Ecologies of Care

Cuchifritos Gallery + Project Space

May. 27, 2024 - Jul. 30, 2022

88 Essex Street, no. 21 [inside Essex Market]
New York, 10002
PHONE 212.420.9202

Cuchifritos Gallery + Project Space is pleased to present Ecologies of Care, a solo show of recent works by Ani Liu, a former LES Studio Program resident, on view at 88 Essex Street from May 27 through July 30, 2022.

Interrogating the artist’s postpartum period, Ecologies of Care showcases a series of new works that use the material culture, and its aesthetics, of childcare –breastmilk, formula, diapers, toys, screen time–to reflect on the labor and life cycle of parenthood.

Echoing throughout the exhibition is the sound of a pump that circulates milk within the gallery space. Created as a material reference to the artist’s intimate experience with breastfeeding and pumping, the volume of milk present in Untitled (Pumping; Feeding Through Space and Time) ranges from the amount produced in a single session of feeding to a month’s supply of lactation.

Labor of Love provides a data portrait of the enormous amount of invisible labor that pervades caring for a newborn. Reflecting on the historic devaluation of “women’s” work, this sculpture questions and problematizes the types of work we value, and the care that we often take for granted.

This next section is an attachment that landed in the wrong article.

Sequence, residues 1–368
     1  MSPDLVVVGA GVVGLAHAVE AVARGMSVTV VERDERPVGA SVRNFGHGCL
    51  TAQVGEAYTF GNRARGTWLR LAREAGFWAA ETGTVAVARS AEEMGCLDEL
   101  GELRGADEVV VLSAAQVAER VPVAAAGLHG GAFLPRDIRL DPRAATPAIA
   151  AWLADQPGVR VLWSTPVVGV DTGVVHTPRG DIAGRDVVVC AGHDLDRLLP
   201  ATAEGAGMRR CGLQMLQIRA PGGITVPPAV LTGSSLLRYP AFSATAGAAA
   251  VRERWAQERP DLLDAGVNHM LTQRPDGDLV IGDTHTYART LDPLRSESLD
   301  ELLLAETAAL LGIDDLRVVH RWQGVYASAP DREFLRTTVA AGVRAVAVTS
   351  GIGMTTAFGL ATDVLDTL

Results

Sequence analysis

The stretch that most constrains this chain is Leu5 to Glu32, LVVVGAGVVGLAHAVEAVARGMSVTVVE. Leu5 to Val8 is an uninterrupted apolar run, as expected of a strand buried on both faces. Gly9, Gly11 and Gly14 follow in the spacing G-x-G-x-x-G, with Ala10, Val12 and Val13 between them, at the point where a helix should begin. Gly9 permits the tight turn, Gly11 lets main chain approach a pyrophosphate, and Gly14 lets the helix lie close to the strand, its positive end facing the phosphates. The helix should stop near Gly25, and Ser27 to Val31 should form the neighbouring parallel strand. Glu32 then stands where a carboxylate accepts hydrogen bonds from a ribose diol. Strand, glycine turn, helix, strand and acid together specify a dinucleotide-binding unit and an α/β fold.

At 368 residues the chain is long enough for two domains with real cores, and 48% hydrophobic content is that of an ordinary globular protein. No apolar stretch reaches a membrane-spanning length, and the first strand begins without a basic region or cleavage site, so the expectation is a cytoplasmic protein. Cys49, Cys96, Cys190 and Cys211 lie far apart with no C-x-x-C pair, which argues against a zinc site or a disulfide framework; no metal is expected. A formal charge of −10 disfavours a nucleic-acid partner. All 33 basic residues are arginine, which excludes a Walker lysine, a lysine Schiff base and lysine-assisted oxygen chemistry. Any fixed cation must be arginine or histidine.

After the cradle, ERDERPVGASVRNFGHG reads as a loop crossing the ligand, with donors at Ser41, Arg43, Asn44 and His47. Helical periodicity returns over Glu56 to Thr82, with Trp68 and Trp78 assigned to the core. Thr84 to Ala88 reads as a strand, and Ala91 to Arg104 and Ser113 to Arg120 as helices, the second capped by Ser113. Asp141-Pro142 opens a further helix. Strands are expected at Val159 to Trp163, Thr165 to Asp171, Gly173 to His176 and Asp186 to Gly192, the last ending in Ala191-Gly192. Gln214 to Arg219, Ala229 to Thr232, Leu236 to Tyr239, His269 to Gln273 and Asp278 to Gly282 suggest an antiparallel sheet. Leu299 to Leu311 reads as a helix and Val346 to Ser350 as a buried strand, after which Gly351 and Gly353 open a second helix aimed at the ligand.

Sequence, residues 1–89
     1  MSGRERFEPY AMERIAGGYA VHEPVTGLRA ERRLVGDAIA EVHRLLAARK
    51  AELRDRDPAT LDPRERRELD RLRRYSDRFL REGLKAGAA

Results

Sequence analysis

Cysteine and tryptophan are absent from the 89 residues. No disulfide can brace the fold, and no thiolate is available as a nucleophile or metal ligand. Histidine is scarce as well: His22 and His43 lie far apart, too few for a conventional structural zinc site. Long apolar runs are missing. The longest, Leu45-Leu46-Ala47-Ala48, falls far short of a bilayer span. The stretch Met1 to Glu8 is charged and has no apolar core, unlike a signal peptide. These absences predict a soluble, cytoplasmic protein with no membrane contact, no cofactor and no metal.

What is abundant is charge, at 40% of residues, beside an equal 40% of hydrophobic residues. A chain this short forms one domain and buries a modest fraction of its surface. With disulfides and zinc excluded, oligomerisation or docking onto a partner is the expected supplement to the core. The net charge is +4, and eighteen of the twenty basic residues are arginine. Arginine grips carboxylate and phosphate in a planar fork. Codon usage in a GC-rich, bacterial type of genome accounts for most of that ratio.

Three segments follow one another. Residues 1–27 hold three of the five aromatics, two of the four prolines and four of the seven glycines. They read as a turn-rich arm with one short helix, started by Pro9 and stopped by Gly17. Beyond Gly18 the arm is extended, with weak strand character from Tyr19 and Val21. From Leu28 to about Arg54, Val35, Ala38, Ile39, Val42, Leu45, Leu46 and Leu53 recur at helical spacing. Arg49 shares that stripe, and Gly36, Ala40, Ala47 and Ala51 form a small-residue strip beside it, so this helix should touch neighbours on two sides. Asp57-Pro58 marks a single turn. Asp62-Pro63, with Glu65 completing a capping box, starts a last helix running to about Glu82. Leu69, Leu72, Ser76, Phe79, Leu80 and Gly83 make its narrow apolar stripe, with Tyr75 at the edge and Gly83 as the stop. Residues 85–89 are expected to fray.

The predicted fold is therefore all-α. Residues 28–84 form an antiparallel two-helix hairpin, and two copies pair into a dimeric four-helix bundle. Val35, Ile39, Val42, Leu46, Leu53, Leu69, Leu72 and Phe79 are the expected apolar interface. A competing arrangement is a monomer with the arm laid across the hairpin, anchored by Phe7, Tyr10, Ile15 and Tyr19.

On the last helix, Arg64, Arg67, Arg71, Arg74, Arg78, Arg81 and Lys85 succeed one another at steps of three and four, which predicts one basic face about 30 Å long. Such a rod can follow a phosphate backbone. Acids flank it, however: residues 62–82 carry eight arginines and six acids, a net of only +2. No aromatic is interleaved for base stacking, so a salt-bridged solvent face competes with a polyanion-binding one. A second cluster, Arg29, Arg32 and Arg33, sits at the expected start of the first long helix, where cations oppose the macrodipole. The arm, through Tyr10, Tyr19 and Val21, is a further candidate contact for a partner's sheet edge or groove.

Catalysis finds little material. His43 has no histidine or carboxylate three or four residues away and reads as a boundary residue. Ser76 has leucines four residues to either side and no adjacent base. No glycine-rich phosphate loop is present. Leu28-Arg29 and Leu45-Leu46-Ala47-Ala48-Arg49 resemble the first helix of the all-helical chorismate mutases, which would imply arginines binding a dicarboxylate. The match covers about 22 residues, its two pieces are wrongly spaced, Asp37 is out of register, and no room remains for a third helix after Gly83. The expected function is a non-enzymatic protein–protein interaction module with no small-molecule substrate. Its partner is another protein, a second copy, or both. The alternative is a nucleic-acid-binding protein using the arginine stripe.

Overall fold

Finally, a series of A.I. generated toys fuse the relationship between the construction of identity and instruments of play while exploring the cultural and psychological influences that inform caring for children. Created using a machine learning algorithm trained on real products marketed as “boys” and “girls” toys, these invented toys expose one source of the gendered social values that we place on children and critically ask how we might rewrite and redesign play.

Ani Liu is an internationally exhibiting research-based artist working at the intersection of art & science. Her work examines the reciprocal relationships between science, technology and their influence on human subjectivity, culture, and identity. Reoccurring themes in the work include gender politics, biopolitics, labor, reproduction, simulation and sexuality.

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